Ultimately, anyone who takes on a leadership role in a Spa Association runs the risk of being labelled a self-promoter. And I have seen numerous examples where that would be a fair description too. As long as these Associations are made up of volunteers, this will always be a risk. Spa Associations may have one junior administration position which is paid. But for the rest of the Committee positions, they are usually exclusively voluntary. There is just not enough money in most Spa Associations to cover much by way of salaries.

Show Me The Money!

When it comes the funding of Spa Associations, it is in some way the Chicken and Egg conundrum. The Association wants more fees from more members so they are better resourced to do the job of representing their members. However, spa people and businesses are reluctant to ante up the membership fees as they do not see the value for money, based on what it being achieved thus far. Government funding is rarely something that can be counted on.

Pursuing corporate sponsorships is one possible option. But do remember that most sponsors will usually want something in return for their sponsorship. Now, that might be something as simple as the opportunity to present their products to the Association a few times a year in the hope that some of them will become future clients. I would argue that might just be a small enough price to pay for a little more financial freedom.

The Spa Police

In some countries, the Spa Association is expected to be not only the voice of the industry but also the policeman. A government authority responsible for issuing a spa business license, for example, may require that spa to first be approved by the Spa Association. This makes perfect sense from the government’s point of view. They do not know how to rate and assess a spa. The Spa Association should. So, let them do it. But just because they should, does not mean they can. True, the Spa Association should be able to make this assessment, but who’s paying for it?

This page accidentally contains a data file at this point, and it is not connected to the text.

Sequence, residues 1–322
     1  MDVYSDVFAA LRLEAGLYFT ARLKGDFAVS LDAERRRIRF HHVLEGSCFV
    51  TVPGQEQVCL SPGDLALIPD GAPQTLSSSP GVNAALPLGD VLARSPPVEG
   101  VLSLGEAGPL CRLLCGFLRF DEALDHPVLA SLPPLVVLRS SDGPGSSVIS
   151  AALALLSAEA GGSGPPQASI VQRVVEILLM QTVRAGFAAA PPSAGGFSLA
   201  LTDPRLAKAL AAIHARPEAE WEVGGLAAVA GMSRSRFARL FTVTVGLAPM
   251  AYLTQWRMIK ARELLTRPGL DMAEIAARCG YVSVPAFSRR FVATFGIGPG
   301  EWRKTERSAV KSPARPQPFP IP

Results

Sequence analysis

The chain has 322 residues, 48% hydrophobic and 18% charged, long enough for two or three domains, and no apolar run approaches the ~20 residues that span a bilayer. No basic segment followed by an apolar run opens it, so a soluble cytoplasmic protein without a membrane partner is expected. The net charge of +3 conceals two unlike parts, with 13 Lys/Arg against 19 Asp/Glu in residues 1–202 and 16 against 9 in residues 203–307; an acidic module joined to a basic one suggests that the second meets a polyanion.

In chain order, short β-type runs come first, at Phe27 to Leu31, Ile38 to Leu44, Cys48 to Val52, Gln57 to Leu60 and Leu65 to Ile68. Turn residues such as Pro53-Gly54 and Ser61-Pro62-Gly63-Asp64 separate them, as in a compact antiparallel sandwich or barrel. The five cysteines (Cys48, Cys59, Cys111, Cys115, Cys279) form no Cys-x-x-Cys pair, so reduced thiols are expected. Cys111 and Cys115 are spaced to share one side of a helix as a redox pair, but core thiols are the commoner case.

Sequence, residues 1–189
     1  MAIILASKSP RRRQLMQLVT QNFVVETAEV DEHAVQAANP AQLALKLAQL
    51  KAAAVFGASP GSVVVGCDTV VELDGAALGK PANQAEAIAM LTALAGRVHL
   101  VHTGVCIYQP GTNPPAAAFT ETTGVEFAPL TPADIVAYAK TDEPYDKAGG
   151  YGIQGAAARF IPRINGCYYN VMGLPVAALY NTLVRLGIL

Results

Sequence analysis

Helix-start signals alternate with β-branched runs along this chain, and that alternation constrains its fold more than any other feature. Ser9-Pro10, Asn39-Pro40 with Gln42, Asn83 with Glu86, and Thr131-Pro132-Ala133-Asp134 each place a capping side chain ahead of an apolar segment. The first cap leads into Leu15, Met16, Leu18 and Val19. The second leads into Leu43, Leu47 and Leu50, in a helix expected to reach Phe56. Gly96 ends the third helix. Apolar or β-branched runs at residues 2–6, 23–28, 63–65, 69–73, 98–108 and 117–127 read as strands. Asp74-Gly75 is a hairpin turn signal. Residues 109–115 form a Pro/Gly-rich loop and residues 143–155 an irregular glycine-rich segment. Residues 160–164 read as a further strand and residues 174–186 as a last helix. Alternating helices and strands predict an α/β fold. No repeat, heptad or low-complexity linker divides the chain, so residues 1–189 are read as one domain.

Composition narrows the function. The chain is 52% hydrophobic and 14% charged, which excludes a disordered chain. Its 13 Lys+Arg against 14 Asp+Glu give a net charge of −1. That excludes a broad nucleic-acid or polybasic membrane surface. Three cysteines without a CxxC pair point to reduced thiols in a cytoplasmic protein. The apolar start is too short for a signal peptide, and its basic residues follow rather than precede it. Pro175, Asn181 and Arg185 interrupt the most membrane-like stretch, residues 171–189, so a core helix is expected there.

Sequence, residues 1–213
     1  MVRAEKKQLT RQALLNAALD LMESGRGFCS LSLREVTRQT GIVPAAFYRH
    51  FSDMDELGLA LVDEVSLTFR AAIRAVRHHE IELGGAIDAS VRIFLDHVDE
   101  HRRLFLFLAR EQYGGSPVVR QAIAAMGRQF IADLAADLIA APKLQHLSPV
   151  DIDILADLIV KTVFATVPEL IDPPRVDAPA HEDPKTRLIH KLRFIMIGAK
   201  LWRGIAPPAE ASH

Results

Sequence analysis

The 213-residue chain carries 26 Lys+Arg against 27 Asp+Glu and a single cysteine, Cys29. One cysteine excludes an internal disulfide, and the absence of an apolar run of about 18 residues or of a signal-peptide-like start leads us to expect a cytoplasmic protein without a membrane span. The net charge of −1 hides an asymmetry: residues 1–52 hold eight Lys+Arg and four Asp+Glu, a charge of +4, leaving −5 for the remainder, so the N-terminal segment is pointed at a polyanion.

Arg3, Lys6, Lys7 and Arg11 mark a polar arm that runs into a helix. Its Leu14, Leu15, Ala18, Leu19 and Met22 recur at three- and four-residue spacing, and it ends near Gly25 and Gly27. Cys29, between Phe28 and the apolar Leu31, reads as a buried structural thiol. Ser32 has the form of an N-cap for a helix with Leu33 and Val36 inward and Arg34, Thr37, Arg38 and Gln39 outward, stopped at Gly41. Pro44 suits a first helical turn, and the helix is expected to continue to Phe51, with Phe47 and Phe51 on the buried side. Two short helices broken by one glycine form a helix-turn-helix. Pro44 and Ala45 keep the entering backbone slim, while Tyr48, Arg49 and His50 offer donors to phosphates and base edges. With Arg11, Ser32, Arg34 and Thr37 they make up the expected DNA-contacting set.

To do a proper assessment, the Association will need to send an inspector to the spa. Maybe they’ll need to do a Mystery Shopper to see what really happens when nobody’s watching. Possibly even a review of the staff training certifications, etc. Someone needs to pay for that inspector’s time, their flight, accommodation and meals for the day, etc. All these things cost money. Logically the spa seeking certification needs to cover these costs. However, for a smaller spa, these costs can be a big burden. So now what? A smaller spa with less money can not get a license to operate? Not the most egalitarian system, but maybe that is the way it has to be?

Criteria and Confusion

Incidentally, before anyone can inspect and assess the applicant spa, there’ll need to be a set of criteria and guidelines established for what the Spa Association considers worthy of carrying their stamp of approval. Again, someone needs to spend the time to create this and time means money. So, who is going to pay for it?

Just to add to the confusion, there are countries which have two or more Spa Associations all competing with each other to be recognised as the industry body. This seems crazy to anyone outside of the spa world. It probably looks pretty crazy to the government authorities in these countries too. But to those of us inside the spa industry, unfortunately, it seems all too real.

Global Spa Association

Maybe Spa Associations around the world can join together to pool all of their guidelines, benchmarks, assessment criteria, etc.? Imagine an open sourced set of international spa standards, criteria and benchmarks. That would be something powerful. All Associations could pay an equal amount to join the Global Spa Association (GSA). The GSA then uses those dues to fund the development of the global set of standards and benchmarks. The person or Association who creates a standard that ultimately is voted in by the GSA, gets paid an agreed amount from the pool of fees. All members vote on each standard or benchmark and if it gets the required majority of votes from the global spa community, it becomes the standard.

OK, so maybe I am once again caught in my dream of Spa Utopia. But it is an interesting idea, is it not?